# Faraday’s Law: formula, units, experiments, exercise

The **Faraday’s law** in electromagnetism establishes a change in the flow of the magnetic field can induce an electric current in a closed circuit.

In 1831, English physicist Michael Faraday experimented with moving conductors within a magnetic field and also varying magnetic fields that passed through fixed conductors.

Faraday realized that if he varied the flux of the magnetic field over time, he could establish a voltage proportional to that variation. If ε is the voltage or induced electromotive force (induced emf) and Φ is the flux of the magnetic field, mathematically it can be expressed:

| ε | = ΔΦ / Δt

Where the symbol Δ indicates quantity variation and the bars on the emf indicate its absolute value. Because it is a closed circuit, current can flow in one direction or another.

Magnetic flux, produced by a magnetic field across a surface, can vary in several ways, for example:

– Moving a bar magnet through a circular curve.

-Increase or decrease the intensity of the magnetic field that passes through the loop.

-Leaving the field fixed, but using some mechanism to change the loop area.

-Combine the previous methods.

__Formulas and Units__

__Formulas and Units__

Suppose they have a closed circuit area A like a circular coil or winding like Figure 1, and that they have a magnet that produces a magnetic field **B** .

The flux of the magnetic field Φ is a scalar quantity that refers to the number of field lines that pass through area A. In Figure 1, it is the white lines that leave the north pole of the magnet and return from the south.

The field strength will be proportional to the number of lines per unit area, so we can see that it is very intense at the poles. But we can have a very intense field that doesn’t produce flux in the loop, which we can achieve by changing the orientation of the loop (or the magnet).

To take into account the orientation factor, the magnetic field flux is defined as the scalar product between **B ** and **n** , with **n** being the unit normal vector for the loop surface and indicating its orientation:

Φ = **B** • **n** A = BA.cosθ

Where θ is the angle between **B** and **n** . If, for example, **B** and **n** are perpendicular, the flux of the magnetic field is zero, because in that case the field is tangent to the plane of the loop and cannot cross its surface.

On the other hand, if **B** and **n** are parallel, it means that the field is perpendicular to the loop plane and the lines cross it as much as possible.

The unit in the International System for F is the weber (W), where 1 W = 1 Tm ^{2} (read “tesla per square meter”).

**Lenz’s Law **

In Figure 1, we can see that the voltage polarity changes as the magnet moves. Polarity is established by Lenz’s law, which states that the induced voltage must oppose the variation that produces it.

If, for example, the magnetic flux produced by the magnet increases, a current is established in the conductor, which circulates creating its own flux, which opposes this increase.

If, on the other hand, the flux created by the magnet decreases, the induced current circulates in such a way that the proper flux counteracts said decrease.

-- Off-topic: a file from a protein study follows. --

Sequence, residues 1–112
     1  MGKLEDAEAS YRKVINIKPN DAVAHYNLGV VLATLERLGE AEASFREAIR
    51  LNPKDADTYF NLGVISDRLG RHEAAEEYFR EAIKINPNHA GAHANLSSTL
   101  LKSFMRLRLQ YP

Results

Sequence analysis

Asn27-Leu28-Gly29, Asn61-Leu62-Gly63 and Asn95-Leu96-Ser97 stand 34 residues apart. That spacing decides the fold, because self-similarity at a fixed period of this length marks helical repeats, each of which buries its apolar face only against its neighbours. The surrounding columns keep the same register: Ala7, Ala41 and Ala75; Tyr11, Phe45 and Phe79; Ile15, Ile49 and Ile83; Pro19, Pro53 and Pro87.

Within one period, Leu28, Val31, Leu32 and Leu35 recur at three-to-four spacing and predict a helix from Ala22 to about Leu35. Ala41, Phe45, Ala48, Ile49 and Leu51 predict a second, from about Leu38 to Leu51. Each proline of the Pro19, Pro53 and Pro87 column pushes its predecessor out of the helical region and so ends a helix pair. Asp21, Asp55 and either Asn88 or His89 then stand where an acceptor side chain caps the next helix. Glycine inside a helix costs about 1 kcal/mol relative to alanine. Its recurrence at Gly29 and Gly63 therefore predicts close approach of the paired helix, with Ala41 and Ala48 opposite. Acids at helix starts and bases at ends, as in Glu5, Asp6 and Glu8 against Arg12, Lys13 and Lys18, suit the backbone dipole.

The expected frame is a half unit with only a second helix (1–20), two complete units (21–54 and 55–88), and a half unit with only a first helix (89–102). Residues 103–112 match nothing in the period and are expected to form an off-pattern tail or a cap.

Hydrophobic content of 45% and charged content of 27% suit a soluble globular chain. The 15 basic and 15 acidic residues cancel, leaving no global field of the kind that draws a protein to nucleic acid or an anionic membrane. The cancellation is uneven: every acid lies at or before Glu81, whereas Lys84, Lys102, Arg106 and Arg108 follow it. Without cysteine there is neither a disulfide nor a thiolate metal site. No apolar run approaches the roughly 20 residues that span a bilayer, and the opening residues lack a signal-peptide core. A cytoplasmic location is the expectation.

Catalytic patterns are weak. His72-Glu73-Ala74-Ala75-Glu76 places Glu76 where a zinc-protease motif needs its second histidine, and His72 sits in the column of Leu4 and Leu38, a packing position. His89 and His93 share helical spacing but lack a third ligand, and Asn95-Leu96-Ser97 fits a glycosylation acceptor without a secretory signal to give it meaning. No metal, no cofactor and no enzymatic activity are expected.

To take this phenomenon into account, a negative sign is attached to Faraday’s law and it is no longer necessary to place absolute value bars:

ε = -ΔΦ / Δt

This is the Faraday-Lenz law. If the flux variation is infinitesimal, the deltas will be replaced by differentials:

ε = -dΦ / dt

The above equation is valid for one turn. But if we have a coil of N turns, the result is much better, because the emf is multiplied N times:

ε = – N (dΦ / dt)

__Faraday’s experiences__

__Faraday’s experiences__

For current to light the lamp, there must be relative movement between the magnet and the coil. This is one of the ways in which the flow can vary, as the strength of the field passing through the loop changes in this way.

The moment the magnet’s movement stops, the lamp turns off, even if the magnet is left standing in the middle of the loop. What is needed for current to flow to the lamp is for the field flux to vary.

When the magnetic field varies with time, we can express it as:

*B** = B (t).*

Keeping the loop area A constant and leaving it fixed at a constant angle, which in the case of the figure is 0º, then:

If it is possible to change the area of the loop, keeping its orientation fixed and placing it in the middle of a constant field, the induced emf is given by:

One way to do this is to place a bar that slides on a conductor rail at a certain speed, as shown in the following figure.

The bar and the rail, in addition to a lamp or a resistor connected to conducting wires, form a closed circuit in the form of a rectangular spiral.

As the bar slides, the length *x* increases or decreases and with it the coil area changes, which is enough to create a variable flux.

**Variation of magnetic flux per rotation**

As we said before, if the angle between **B** and the loop normal is varied, the field flux changes accordingly:

Thus, a sinusoidal generator is obtained and, if instead of a single coil, an N number of coils is used, the induced emf will be greater:

A circular coil of N rotates and radius R rotates with angular frequency ω in the middle of a magnetic field of magnitude B. Find an expression for the maximum emf induced in the coil.

**Solution**

The expression for the rotation-induced emf is applied when the coil has N turns, knowing that:

-The coil area is A = πR ^{2}

-The angle θ varies with time as θ = ωt

It is important to note that θ = ωt is first substituted in Faraday’s law and *then* derived with respect to time:

ε = -NBA (cos θ) ‘= -NB (πR ^{2} ). [cos (ωt)]’ = NBω (πR ^{2} ) sin (ωt)

Since the maximum emf is requested, this occurs whenever sin ωt = 1, so finally:

ε _{max} = NBω (πR ^{2} )